Definitions for dresdenˈdrɛz dən
This page provides all possible meanings and translations of the word dresden
a city in southeastern Germany on the Elbe River; it was almost totally destroyed by British air raids in 1945
A variety of china, originally manufactured in the city, but manufactured in Meissen from the 18th century.
The capital city of the German Federal State of Saxony.
A village in Kent County, Ontario, Canada.
Dresden is the capital city of the Free State of Saxony in Germany. It is situated in a valley on the River Elbe, near the Czech border. The Dresden conurbation is part of the Saxon Triangle metropolitan area with 2.4 million inhabitants. Dresden has a long history as the capital and royal residence for the Electors and Kings of Saxony, who for centuries furnished the city with cultural and artistic splendour. The city was known as the Jewel Box, because of its baroque and rococo city center. A controversial Allied aerial bombing towards the end of World War II killed 25,000 civilians and destroyed the entire city center. The impact of the bombing and 40 years of urban development during the East German communist era have considerably changed the face of the city. Some restoration work has helped to reconstruct parts of the historic inner city, including the Katholische Hofkirche, the Semper Oper and the Dresdner Frauenkirche. Since German reunification in 1990, Dresden has regained importance as one of the cultural, educational, political and economic centers of Germany and Europe.
The Nuttall Encyclopedia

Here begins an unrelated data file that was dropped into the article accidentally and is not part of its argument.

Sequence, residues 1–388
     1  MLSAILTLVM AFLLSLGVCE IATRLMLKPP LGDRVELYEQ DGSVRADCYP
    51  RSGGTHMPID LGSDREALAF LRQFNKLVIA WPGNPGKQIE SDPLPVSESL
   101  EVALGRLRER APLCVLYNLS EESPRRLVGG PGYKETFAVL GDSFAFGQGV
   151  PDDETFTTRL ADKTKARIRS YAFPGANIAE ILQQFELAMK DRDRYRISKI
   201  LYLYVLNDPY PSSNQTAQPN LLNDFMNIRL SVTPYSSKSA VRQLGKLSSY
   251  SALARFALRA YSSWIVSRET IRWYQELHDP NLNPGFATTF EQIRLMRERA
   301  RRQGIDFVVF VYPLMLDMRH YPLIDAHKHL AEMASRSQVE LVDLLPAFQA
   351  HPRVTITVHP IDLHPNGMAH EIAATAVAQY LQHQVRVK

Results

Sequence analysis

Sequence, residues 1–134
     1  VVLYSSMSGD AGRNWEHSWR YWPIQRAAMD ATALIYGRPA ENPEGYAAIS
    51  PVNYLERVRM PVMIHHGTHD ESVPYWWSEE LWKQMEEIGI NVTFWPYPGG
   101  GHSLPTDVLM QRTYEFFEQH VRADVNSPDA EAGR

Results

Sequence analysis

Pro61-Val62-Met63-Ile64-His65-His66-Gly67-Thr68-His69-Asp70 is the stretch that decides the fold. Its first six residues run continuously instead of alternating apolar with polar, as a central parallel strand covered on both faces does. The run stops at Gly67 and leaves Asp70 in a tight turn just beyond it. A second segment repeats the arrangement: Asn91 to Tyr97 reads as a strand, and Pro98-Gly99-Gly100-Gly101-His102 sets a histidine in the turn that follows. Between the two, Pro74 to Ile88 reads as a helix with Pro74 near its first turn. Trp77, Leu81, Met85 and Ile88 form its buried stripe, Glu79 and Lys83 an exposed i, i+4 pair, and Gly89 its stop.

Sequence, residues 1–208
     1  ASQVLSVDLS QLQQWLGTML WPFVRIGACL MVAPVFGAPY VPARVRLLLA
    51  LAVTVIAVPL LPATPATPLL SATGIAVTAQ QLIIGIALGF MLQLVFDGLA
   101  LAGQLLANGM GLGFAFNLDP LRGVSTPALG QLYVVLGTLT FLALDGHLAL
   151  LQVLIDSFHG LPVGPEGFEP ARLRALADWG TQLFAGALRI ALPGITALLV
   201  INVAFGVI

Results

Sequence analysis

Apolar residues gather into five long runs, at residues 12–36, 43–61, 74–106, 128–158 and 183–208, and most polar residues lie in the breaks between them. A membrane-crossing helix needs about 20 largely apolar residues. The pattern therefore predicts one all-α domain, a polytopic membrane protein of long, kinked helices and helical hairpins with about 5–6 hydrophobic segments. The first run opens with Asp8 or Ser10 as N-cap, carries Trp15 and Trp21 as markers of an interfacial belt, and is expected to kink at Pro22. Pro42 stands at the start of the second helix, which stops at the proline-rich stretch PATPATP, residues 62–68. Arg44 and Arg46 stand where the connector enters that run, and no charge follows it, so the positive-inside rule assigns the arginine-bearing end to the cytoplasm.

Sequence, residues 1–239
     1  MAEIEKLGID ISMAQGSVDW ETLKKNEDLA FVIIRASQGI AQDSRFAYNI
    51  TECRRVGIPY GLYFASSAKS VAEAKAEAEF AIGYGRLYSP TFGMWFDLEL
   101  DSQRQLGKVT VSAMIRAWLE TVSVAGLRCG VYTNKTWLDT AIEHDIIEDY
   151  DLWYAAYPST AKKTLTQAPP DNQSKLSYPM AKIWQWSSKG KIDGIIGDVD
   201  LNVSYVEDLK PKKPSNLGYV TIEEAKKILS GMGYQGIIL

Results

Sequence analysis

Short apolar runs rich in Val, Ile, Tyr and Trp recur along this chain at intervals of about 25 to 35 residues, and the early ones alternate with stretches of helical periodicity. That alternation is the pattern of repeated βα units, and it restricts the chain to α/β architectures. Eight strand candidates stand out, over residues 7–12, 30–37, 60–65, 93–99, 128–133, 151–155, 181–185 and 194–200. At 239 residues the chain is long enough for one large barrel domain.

the capital of Saxony, on the Elbe, 116 m. SE. of Berlin; a fine city, with a museum rich in all kinds of works of art, and called in consequence the "Florence of Germany"; here the Allies were defeated by Napoleon in 1813, when he entered the city, leaving behind him 30,000 men, who were besieged by the Russians and compelled to surrender as prisoners of war the same year.
Sample Sentences & Example Usage
And while the bombing of Dresden was dreadful, it's crucial that without Sept. 1 1939, without Warsaw, Rotterdam, Coventry, London there wouldn't have been Dresden.
It's the point from which everything is measured. It fed the myth that Dresden was the innocent victim of a pointless war and hid the fact that it was a center of Nazism and a significant hub for making armaments, and while the bombing of Dresden was dreadful, it's crucial that without Sept. 1 1939, without Warsaw, Rotterdam, Coventry, London there wouldn't have been Dresden.
Was all this bloodshed and deceit - from Columbus to Cortes, Pizarro the Puritans - a necessity for the human race to progress from savagery to civilization? Was Morison right in burying the story of genocide inside a more important story of human progress? Perhaps a persuasive argument can be made - as it was made by Stalin when he killed pesants for industrial progress in the Soviet Union, as it was made by Churchill explaining the bombings of Dresden and Hamburg, and Truman explaining Hiroshima. But how can the judgement be made if the benefits and losses cannot be balanced because the losses are either unmentioned or mentioned quickly?
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